Texas Retina Associates’ Robert C. Wang, MD, co-authored an article titled “Management of Repository Corticotropin Injection Therapy for Non‐infectious Uveitis: A Delphi Study” in the March 2021 issue of the medical journal Acta Ophthalmologica.

What is Non-infectious Uveitis?
Uveitis is a rare retinal disease where the body’s immune system attacks the eye, causing inflammation. Non-infectious uveitis can result from an eye injury or a disease somewhere else in the body. It is a major cause of blindness worldwide, and diagnosis and management of the condition can be challenging. The primary treatment, corticosteroids, is not appropriate for long-term use. 

Repository Corticotropin Injection Treatment
Repository corticotropin injection (RCI) is a purified, sterile preparation of the natural form of adrenocorticotropic hormone (ACTH) in gelatin to provide a prolonged release after injection. It is believed to affect uveitis by multiple mechanisms and has received regulatory approval for treatment of ophthalmic diseases, including posterior uveitis. However, it is not widely used or discussed in guidelines for the management of uveitis and ocular inflammatory diseases.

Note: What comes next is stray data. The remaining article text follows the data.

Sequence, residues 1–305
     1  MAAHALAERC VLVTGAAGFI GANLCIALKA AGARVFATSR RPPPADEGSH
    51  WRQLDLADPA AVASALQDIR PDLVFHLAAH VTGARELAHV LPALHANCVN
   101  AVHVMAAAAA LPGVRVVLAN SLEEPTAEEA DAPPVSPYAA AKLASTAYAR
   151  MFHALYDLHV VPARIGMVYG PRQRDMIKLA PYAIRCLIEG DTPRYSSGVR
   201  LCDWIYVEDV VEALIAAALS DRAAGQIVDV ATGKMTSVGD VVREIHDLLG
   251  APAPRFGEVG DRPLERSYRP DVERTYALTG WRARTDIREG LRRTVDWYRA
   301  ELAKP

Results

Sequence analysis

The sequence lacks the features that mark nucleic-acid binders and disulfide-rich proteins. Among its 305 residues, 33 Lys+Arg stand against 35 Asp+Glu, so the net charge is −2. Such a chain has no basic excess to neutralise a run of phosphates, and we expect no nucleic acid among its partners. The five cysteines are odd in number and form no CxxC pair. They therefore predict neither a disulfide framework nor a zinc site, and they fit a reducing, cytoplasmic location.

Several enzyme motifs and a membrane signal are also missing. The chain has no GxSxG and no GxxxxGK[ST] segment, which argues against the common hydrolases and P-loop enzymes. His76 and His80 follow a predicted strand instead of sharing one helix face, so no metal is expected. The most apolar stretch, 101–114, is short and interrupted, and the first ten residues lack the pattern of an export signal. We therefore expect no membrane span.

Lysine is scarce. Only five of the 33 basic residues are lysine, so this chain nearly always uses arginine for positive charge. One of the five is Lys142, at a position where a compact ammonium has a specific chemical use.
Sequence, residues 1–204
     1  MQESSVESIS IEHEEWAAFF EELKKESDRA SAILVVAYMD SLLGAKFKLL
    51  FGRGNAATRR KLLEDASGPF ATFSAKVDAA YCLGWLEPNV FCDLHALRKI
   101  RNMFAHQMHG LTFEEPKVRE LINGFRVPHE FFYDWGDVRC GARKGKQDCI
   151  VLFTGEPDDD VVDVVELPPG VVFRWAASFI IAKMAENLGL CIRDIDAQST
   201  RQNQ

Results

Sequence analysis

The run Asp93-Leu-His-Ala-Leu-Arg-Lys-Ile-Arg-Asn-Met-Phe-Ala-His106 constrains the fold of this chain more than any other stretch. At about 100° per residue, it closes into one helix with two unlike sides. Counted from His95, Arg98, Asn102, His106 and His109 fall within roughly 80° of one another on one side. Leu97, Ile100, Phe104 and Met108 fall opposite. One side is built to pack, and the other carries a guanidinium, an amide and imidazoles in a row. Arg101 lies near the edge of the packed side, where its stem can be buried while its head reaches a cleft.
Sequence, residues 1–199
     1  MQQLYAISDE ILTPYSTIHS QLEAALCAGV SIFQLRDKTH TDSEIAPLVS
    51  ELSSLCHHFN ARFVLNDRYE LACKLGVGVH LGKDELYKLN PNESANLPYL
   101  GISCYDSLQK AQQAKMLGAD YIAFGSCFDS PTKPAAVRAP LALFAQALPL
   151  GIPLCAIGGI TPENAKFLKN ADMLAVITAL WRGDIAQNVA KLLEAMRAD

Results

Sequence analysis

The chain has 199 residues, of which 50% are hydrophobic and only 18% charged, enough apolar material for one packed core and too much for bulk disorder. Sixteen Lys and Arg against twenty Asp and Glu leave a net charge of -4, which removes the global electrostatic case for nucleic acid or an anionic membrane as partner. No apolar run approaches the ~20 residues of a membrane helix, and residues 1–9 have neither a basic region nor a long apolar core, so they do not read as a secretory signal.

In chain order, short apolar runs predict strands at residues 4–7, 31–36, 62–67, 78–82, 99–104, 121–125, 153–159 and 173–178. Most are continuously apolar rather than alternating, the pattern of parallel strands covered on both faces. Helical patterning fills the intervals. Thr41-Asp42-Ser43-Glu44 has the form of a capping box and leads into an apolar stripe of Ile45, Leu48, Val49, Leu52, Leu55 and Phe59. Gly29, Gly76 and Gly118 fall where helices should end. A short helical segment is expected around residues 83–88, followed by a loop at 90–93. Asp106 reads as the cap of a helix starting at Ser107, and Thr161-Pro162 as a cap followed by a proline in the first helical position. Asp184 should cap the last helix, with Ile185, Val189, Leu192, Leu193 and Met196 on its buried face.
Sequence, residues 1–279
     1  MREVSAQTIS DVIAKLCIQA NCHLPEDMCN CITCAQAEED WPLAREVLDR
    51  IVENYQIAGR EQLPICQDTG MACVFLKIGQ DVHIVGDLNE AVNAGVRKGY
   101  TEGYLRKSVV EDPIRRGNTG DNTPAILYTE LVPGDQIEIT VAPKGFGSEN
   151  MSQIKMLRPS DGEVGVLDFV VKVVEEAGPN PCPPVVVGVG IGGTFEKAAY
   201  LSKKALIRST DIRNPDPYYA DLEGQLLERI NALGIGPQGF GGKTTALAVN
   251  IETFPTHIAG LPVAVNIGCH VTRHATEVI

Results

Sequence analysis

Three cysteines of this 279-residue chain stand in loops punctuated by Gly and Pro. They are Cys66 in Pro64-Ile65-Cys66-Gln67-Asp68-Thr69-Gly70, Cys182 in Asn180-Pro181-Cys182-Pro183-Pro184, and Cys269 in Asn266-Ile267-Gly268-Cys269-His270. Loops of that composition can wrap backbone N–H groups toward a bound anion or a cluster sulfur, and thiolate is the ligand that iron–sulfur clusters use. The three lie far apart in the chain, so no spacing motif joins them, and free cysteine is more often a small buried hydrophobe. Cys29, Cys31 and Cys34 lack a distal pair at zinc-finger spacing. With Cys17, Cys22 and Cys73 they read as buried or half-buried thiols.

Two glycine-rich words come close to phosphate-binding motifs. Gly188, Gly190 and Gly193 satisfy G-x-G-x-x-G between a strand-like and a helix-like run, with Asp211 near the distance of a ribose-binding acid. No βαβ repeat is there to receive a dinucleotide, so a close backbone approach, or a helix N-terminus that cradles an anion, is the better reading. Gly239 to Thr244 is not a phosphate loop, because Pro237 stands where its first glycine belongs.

Study Results
This study surveyed a panel of 14 US‐based ophthalmologists who reached consensus that RCI may be an appropriate treatment option for some patients with uveitis when other therapies are ineffective or intolerable. 

You can access the full abstract here.

About Dr. Wang
Dr. Wang provides a full range of retina care and sub-specializes in the diagnosis and treatment of uveitis. He sees patients in our Dallas Main, Dallas North, Plano and Sherman offices. Dr. Wang also serves as Director of Clinical Research for our Plano office. You can learn more about him here.